More to the left, students would learn that there are two general schools of thought – “metabolism first” and “RNA first”. They might learn why this is an open area, and also how these two concepts would and should eventually merge with what the “molecular archaeology” so plainly shows.

Finally, they can learn that several Nobel Prizes accompanied the giant leaps to the right of coordinate 0, and more await similar leaps that lie in wait on the left. These fields are active and exciting, and more and more they tie in with more fundable translational science. There is no need to shy away from “we don’t know”; rather, the unknown here is a great opportunity for research and for science.

[*To make this point in a vernacular that might be more familiar to participants and readers of this forum – in a very real sense, all life is one “kind”, the rRNA “kind”. All of the variety that we see in life today is but window dressing, a bewildering and amazing array of manifestations of this one central core.]

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Could not agree more. That is exactly right.

This also is true.


I think both statements of ignorance and knowledge are important. We know a lot, but we certainly do not know everything. We can’t be sure where it all will lead. It is the combination of valuing ignorance and knowledge that brings us to the grand questions here. Right?

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Does anyone even know of a high school class where this is even seriously discussed? Most high school kids don’t care. I certainly didn’t. All I cared about was hitting homeruns, throwing touchdowns, and getting girls. Maybe it’s because I grew up in Alabama but I barely remember talking about evolution. Definitely not the origin of life.

I cared in high school. A lot of us did.

And y’all really discussed it? I mean we had stickers in our textbooks warning against evolution in Alabama so maybe that’s why we didn’t.

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Yes we did. At least in my honors/AP biology class. This was in the 90s, so we were also discussing Dawkin’s Selfish Gene, and then Climbing Mount Improbable. I was a YEC at the time.

“Metabolism first” = Auburn.

“RNA first” = Alabama.

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Lol. Roll tide

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I remember some discussion in A-level zoology, but back in 1968 all was optimism and Miller-Urey was cutting edge.

However, I remember it was discussed at a theological level in an “Any Questions” panel I was on in school cruise ship somewhere in the Mediterranean. The ship’s chaplain was also on the panel and made some very good points, I remember (unlike me).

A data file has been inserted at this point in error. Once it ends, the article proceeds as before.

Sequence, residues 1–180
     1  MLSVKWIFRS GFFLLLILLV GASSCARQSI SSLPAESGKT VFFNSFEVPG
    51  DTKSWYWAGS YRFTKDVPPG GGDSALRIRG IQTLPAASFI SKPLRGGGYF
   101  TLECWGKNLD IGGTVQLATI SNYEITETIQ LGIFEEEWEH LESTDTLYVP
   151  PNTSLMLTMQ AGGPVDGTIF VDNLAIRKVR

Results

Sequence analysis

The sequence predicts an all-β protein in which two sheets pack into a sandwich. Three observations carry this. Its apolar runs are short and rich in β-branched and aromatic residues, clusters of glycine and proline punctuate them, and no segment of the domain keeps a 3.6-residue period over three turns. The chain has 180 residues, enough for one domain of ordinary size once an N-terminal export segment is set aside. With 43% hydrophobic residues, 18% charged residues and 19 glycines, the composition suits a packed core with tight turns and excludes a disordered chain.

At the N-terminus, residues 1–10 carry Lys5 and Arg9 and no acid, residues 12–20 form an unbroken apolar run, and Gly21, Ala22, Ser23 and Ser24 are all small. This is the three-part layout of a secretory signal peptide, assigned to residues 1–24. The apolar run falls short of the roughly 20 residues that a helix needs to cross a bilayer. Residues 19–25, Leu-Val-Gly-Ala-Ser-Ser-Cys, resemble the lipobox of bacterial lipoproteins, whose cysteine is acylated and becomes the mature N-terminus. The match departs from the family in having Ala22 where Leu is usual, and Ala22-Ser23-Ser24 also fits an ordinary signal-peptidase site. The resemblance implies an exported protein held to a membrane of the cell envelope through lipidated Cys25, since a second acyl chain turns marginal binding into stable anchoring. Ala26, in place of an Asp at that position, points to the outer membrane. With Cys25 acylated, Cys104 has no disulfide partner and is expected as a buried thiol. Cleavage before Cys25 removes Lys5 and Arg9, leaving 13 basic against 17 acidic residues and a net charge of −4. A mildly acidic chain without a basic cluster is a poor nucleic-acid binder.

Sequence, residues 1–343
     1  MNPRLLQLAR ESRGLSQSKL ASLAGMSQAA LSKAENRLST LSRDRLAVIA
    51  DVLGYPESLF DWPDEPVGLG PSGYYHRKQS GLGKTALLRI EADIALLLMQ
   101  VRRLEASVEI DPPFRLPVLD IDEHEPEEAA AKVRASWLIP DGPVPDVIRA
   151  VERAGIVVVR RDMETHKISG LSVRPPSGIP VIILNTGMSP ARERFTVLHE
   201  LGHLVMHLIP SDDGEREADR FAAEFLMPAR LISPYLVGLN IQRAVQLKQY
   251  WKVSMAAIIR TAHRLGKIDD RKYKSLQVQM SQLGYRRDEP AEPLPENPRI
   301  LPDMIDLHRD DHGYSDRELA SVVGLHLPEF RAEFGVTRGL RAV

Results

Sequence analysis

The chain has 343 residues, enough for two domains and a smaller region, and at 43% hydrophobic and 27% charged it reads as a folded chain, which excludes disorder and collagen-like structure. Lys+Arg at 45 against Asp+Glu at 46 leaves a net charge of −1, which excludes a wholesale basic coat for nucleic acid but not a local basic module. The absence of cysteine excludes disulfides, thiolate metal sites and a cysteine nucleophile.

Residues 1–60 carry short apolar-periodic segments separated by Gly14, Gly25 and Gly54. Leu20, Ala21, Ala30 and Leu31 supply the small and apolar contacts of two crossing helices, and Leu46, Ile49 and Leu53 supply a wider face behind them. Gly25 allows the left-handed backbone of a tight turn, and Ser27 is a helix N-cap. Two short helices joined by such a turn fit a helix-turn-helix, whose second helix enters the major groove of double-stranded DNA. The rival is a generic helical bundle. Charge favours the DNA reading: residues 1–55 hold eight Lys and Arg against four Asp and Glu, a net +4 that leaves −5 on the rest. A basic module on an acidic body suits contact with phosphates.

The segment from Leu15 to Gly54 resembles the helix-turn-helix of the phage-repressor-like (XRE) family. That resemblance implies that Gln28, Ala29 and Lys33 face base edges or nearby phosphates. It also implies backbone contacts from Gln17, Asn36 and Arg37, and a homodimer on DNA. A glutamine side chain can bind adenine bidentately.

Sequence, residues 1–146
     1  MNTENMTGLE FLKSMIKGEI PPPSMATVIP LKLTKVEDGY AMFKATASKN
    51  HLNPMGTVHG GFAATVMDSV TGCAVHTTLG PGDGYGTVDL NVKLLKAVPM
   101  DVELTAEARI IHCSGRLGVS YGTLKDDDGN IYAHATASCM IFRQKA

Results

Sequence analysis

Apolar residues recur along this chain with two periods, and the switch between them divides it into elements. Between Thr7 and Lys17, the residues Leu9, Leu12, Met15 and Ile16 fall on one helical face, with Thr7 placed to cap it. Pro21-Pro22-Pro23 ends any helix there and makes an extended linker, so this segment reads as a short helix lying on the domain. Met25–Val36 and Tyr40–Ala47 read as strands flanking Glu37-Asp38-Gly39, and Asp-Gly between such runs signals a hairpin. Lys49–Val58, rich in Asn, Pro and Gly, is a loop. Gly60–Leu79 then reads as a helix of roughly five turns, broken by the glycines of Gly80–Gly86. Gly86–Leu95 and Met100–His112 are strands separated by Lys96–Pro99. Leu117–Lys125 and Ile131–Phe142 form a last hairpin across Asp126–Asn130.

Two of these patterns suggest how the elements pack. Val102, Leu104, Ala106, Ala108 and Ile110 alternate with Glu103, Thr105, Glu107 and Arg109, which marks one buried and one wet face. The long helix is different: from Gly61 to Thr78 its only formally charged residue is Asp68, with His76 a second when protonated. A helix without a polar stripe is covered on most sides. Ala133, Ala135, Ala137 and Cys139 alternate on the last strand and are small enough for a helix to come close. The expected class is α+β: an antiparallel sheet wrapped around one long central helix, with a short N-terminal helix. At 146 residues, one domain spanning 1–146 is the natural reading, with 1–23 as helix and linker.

So such things were discussed by kids - someone, after all, asked the question. However, I do remember on that cruise how many people were obsessed with getting girls and illicitly drinking ouzo (homeruns and touchdowns being both un-British and impossible on an ocean liner) … which may be why I was the one nominated to be on the questions panel.

I did, however, win out by being asked up to the ship’s bar afterwards by the organiser, a national journalist, and having my alcohol officially paid for. Actually we did OK on the girls too, our school party having been (also offically) asked to chaperone a party from a girl’s school in the dangerous ports of Greece and Turkey. I don’t remember discussing origins of life with them, though.

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Matter condensing from energy has been experimentally verified, so the origin of matter seems to be quite solid.

Ultimately, this is where ID/creationism parts way with science. Hypotheses for a natural origin of life can be tested scientifically, but that doesn’t seem to be the case with ID/creationism. Until ID/creationists find a way to test their hypotheses for the origin of life the naturalistic explanations will continue to dominate in the realm of science.

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I agree. I was really interested in how educators, in particular, would handle the conversation. I think that Neil stated the three scenarios that make up the most-likely possible choices:

Sometimes the rules that we put in place (for instance, biology deals with the development of life after the first living cell) seem tidy, but then the very next question can spill from that tidy environment into an unexplored realm. So, I’m really curious how the conversation would be managed, because the questions are likely to be asked.

So, it seems that something similar your response above, even though a student may not have ID or creation in mind, might be a good way to respond. Science can continue to search for a mechanism that would have allowed life to assemble, and creationists can speculate as well, but until they have a model that is testable, it will sit outside of the realm of science in theology.